Bathroom with live edge wood

So you’re getting ready to finally remodel that outdated bathroom that’s been an eyesore in your home for years now. You’ve decided on the overall aesthetic of the space, and you’ve selected whether you want to upgrade items like your shower or bathtub, or even the sink and vanity area. Perhaps you’ve identified a particular shade of paint that will spruce up the space, or have picked out some new light fixtures to add a certain ambience. There’s one key thing to consider when renovating a bathroom, though: the choice of tile. Whether you’re tiling the walls around your shower or tub, the floors, or both, tile is a crucial feature of all bathrooms.

In terms of tile, there are a lot of things to think about. First, the appearance — do you want something classic, or as Sebring Design Build details, something on trend? In terms of functionality, you likely want something that is easy to clean, and something that can withstand the humidity found in bathrooms. The finish — whether a particular type of tile is glazed or unglazed — is also important. Since there’s the potential for water to splash around, you want to ensure that your choice of tile isn’t perilously slippery when wet. Finally, consider your particular bathroom layout — tricky corners or tight spaces may potentially limit your options, and there are certain considerations for small bathrooms (via Bob Vila).

Here are 15 different types of bathroom tiles, and what you need to know about them.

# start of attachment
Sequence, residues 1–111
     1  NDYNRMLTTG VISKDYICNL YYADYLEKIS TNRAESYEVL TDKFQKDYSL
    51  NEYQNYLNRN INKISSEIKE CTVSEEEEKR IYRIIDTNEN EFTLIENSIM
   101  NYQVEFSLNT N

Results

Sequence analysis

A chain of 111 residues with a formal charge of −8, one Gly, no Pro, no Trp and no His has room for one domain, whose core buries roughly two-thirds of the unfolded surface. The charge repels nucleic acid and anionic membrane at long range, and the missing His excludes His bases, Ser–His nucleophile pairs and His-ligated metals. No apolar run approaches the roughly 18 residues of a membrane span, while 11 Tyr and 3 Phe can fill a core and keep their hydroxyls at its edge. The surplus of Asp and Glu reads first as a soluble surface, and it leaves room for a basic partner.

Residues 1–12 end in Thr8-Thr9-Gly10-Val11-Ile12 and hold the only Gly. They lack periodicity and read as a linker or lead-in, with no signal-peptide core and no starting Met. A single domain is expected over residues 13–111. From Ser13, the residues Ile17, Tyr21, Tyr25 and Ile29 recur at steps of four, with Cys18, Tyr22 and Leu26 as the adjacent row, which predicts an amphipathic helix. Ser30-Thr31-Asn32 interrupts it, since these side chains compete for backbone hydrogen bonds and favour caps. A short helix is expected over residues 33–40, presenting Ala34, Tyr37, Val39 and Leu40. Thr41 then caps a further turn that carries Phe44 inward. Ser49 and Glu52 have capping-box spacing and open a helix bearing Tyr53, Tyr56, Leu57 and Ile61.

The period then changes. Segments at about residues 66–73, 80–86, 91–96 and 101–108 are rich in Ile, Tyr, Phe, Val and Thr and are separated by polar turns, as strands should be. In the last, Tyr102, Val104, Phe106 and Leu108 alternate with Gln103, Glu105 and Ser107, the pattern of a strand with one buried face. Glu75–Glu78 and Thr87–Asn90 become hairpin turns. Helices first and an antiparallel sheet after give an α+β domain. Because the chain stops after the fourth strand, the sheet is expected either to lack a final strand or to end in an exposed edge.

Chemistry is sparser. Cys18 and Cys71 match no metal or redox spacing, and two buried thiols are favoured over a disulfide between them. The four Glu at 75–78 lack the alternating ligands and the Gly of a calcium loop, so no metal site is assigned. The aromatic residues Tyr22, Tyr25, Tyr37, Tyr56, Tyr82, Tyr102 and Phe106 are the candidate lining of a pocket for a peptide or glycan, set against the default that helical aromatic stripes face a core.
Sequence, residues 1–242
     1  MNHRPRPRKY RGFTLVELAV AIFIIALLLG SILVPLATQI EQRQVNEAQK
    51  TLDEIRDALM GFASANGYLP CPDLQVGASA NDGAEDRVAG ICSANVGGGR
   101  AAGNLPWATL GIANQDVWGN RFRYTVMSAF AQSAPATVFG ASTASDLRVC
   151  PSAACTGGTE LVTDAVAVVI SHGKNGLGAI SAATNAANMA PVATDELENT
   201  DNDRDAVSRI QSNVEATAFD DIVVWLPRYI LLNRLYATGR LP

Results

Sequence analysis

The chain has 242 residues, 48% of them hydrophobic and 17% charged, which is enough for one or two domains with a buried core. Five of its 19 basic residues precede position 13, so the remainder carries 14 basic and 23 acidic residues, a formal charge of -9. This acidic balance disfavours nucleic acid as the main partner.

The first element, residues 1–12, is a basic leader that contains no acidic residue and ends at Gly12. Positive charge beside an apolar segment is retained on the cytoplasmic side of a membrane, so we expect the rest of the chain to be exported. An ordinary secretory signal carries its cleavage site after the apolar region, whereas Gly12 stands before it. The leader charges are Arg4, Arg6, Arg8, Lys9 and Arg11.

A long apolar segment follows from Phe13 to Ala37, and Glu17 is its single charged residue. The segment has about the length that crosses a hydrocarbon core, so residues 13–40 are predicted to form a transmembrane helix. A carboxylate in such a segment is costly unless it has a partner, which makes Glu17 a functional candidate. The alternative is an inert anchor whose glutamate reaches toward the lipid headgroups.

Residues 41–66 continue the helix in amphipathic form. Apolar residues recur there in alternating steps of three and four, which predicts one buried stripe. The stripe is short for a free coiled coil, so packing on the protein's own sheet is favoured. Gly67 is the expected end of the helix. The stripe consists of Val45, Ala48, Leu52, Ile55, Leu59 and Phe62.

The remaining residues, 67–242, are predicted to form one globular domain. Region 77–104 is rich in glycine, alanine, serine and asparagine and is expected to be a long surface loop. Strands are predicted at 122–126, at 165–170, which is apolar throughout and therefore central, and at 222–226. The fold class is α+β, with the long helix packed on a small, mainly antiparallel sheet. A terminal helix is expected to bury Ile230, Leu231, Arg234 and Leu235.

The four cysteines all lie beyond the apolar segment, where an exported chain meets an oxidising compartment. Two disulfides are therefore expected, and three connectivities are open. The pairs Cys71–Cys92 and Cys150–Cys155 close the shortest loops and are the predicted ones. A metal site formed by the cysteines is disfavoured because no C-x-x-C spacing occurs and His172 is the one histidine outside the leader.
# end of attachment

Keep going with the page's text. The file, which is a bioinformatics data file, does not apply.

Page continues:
1. Porcelain tiles

Porcelain marble tile

Porcelain tiles are an incredibly durable choice, and they’re both stain-resistant and water-resistant, according to The Spruce, making them ideal for a bathroom. They’re a low maintenance option that can easily be cleaned and even disinfected if needed. Another perk is the sheer amount of design options out there — you can get porcelain tiles in many different shades and patterns.

However, the downside of porcelain is that the tiles can sometimes be a bit more brittle, which could lead to cracking, and the material can be slippery when wet. They’re also a relatively pricey option and typically require professional installation. Finally, the grout requires sealing, and you may run into issues with the porous grout becoming discolored by moisture.

2. Ceramic tiles

Different shapes of ceramic tiles

Ceramic tiles are available at a relatively low cost, as Countertop Specialty reports, making them ideal for budget-conscious renovators. This durable selection is also easy to clean, waterproof, and stain-proof, so they’ll be able to withstand a lot in your bathroom. You don’t need to worry about sealing them if they’re glazed tiles, and there’s a huge variety of colors, patterns, and textures to choose from. Just be aware that ceramic tiles are manufactured in runs, and there can be variation between lots.

The major downside is that if the glaze is chipped or scratched, ceramic tiles can be quite difficult to repair or resurface to fix the damage.